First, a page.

New Taipei City Mayor Hou You-yi (侯友宜), who is the Chinese Nationalist Party’s (KMT) presidential candidate, on Monday said he would support a version of the so-called “1992 consensus” that conforms with the Republic of China (ROC) Constitution.
Hou was previously vague about his stance on the “1992 consensus.”
The “1992 consensus” — a term that former Mainland Affairs Council chairman Su Chi (蘇起) in 2006 admitted making up in 2000 — refers to a tacit understanding between the KMT and the Chinese Communist Party that both sides of the Taiwan Strait acknowledge that there is “one China,” with each side having its own interpretation of what “China” means.
He said he is against interpreting the “1992 consensus” as referring to “one country, two systems,” as done by the Democratic Progressive Party (DPP) and strongly opposes President Tsai Ing-wen’s (蔡英文) “stigmatization” of it.
Hou did not comment on criticism that he merely echoed the KMT’s long-held position of “one China, different interpretations” — which gives tacit freedom to Taipei and Beijing to come to separate conclusions as to what “China” means. Beijing has never formally endorsed this stance.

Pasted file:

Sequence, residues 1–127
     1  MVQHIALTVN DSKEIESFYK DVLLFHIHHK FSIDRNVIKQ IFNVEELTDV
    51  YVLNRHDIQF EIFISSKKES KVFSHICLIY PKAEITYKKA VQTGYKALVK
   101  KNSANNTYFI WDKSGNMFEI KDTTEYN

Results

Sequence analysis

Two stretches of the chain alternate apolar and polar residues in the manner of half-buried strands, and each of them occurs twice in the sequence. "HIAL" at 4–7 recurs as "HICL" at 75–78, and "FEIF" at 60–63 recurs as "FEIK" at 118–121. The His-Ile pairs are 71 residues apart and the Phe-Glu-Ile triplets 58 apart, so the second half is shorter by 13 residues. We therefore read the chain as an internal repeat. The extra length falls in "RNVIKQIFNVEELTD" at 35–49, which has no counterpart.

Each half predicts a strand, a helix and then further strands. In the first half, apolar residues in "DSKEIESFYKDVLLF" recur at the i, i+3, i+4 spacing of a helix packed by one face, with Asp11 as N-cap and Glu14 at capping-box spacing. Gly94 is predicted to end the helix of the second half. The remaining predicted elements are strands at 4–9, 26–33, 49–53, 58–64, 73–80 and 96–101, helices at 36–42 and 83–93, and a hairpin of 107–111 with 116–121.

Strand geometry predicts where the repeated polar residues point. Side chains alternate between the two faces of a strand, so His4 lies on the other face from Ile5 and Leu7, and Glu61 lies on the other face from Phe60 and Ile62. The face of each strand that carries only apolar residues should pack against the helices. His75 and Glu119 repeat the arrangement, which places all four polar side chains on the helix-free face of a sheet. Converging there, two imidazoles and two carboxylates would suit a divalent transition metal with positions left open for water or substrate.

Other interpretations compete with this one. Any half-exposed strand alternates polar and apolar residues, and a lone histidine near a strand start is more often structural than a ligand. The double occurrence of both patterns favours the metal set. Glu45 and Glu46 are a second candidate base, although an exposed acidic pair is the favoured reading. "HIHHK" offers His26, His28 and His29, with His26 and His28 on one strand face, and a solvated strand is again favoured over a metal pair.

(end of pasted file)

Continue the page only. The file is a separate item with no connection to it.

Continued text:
The DPP on Tuesday said that Hou’s “consensus” views “flew in the face of mainstream public opinion in Taiwan.”
Referencing a 2019 speech by Chinese President Xi Jinping (習近平), the DPP said that the “1992 consensus” and “one country, two systems” — an arrangement under which China agreed to rule Hong Kong and Macau, and has also proposed for Taiwan — are the same thing.
The speech referred to the “1992 consensus” as a political “foundation” to enable negotiations and exchanges, while “one country, two systems” was characterized as a “policy” and “plan” for achieving “peaceful reunification.”
The DPP has refused to accept the “1992 consensus” on the grounds that Beijing has never acknowledged the ROC’s existence and that agreeing to the “1992 consensus” would imply accepting China’s claim over Taiwan.
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